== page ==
Yesterday, Barbara and I walked for two hours in the park. We stopped at the old Tavern on the Green spot for a snack. Then again we stopped for a few minutes at the top of the stairs by Bethesda Fountain.
This is such a sweet spot. In my writing class, a woman wrote a long essay about the meaning of Bethesda Fountain — how you can forget you’re in a city surrounded by buildings. You can’t see a building when you’re down by the fountain.
I love the way the angel is a part of her surroundings but above them too. In third grade, C. studied the park and told me the name of this sculpture is the Angel of the Waters. She is a celebration of clean water for the city. Thanks to Wikipedia, I learned this 1868 sculpture was the only original work of art Olmsted and Vaux commissioned for Central Park. It was designed by Emma Stebbins, the first woman to receive a commission for a work of art in New York City. Woman power. Water power. New York City power.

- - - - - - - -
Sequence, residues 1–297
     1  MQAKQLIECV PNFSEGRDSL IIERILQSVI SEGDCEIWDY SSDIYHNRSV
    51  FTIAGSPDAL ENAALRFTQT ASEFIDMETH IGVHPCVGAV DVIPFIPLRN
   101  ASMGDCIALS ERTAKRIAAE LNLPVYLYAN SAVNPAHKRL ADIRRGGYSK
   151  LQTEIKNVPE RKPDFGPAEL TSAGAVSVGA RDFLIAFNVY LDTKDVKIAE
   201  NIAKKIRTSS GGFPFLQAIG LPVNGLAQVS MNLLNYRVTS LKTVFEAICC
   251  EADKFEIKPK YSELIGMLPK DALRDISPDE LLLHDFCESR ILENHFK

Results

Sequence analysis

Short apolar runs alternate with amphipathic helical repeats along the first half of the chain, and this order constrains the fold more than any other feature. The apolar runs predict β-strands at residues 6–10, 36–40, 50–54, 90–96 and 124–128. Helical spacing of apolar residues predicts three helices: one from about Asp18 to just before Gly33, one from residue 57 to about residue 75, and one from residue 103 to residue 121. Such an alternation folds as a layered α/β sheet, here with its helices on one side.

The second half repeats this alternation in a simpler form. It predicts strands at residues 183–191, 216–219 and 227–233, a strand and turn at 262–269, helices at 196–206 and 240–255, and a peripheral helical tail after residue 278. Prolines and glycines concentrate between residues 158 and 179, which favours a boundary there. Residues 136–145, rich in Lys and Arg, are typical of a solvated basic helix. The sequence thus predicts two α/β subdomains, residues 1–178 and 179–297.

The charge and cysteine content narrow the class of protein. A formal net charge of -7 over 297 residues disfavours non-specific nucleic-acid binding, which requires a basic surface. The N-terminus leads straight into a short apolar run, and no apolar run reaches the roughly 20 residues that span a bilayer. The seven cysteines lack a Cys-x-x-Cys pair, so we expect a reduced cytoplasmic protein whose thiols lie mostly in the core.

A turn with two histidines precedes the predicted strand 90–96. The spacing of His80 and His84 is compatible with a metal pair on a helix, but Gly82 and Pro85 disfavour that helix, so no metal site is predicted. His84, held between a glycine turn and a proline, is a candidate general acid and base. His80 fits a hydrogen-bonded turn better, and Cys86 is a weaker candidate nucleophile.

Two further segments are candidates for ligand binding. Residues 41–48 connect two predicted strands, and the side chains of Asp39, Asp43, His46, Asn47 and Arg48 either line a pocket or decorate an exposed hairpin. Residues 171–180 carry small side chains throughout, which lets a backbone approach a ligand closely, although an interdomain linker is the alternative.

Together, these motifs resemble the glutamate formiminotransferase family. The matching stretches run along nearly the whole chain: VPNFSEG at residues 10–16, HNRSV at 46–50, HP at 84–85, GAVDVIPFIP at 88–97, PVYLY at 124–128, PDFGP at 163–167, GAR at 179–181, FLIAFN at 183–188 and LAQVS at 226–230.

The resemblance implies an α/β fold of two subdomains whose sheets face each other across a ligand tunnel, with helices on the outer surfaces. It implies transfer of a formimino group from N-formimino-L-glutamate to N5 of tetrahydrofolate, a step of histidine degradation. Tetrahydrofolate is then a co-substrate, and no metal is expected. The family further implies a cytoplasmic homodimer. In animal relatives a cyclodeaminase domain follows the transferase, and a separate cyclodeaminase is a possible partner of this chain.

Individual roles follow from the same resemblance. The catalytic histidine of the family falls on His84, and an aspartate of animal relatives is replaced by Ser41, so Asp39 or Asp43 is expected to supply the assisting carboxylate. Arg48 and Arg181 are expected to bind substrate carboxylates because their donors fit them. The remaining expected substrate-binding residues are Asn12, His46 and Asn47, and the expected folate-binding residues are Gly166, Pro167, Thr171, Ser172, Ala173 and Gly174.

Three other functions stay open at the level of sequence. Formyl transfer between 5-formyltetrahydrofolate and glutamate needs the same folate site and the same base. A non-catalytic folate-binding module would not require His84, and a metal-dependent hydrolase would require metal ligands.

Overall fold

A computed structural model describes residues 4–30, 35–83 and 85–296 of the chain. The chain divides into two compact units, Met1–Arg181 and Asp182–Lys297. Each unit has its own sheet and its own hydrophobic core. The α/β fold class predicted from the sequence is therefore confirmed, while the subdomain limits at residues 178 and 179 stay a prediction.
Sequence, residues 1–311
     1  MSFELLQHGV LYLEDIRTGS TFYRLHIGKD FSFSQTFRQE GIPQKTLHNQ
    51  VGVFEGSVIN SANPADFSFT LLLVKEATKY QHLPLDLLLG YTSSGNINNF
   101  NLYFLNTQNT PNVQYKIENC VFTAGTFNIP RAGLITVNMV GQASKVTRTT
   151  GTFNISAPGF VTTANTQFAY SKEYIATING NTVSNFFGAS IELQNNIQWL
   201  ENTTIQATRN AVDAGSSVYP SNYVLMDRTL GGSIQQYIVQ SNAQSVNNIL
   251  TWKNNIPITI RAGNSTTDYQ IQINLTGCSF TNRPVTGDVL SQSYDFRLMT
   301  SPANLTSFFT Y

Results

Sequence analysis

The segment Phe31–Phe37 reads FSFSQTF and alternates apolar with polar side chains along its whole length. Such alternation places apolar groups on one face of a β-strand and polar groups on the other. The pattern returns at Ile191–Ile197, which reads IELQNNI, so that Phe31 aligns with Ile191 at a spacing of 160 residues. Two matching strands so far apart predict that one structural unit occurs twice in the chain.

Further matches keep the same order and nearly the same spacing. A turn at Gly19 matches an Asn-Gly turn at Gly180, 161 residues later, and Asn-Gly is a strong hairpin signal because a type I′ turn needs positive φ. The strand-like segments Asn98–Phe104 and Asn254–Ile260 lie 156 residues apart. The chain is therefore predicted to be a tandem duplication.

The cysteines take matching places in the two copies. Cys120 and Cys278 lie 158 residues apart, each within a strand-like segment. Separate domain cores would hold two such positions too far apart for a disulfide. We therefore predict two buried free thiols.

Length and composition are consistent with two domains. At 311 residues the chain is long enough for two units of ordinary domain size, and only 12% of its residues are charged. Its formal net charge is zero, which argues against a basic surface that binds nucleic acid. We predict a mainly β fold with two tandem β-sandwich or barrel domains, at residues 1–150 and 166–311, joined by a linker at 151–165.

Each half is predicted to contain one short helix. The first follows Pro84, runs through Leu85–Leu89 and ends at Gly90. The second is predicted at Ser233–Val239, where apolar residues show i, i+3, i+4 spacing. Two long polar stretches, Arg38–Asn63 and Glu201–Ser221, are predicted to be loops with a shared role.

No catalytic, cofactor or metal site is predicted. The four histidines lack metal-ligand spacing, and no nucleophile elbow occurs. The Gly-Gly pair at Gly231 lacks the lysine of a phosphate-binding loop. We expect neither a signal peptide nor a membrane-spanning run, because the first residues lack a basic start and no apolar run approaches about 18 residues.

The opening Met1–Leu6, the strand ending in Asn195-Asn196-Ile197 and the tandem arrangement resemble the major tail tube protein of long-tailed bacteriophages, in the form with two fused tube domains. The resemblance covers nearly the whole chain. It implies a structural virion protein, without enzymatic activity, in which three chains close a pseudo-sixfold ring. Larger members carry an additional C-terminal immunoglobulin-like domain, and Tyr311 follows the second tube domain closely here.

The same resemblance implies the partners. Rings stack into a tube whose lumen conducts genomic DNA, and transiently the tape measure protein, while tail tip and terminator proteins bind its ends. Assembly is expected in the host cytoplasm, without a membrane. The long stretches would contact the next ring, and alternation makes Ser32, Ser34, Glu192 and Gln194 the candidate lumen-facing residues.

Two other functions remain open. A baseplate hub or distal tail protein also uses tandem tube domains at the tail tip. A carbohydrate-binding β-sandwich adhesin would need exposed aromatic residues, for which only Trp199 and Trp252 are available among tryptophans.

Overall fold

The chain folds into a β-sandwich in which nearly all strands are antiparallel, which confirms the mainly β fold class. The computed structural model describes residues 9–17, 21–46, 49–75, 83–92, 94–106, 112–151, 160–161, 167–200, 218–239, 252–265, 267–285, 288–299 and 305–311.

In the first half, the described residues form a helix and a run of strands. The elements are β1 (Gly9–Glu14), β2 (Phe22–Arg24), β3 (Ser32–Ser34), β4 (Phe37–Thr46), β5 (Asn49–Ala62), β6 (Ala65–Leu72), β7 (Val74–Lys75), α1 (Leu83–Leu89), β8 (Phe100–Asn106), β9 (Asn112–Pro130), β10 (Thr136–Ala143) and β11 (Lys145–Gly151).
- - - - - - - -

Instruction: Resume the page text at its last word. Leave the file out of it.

Me and Barbara –power walking — A part of it all and above it all too!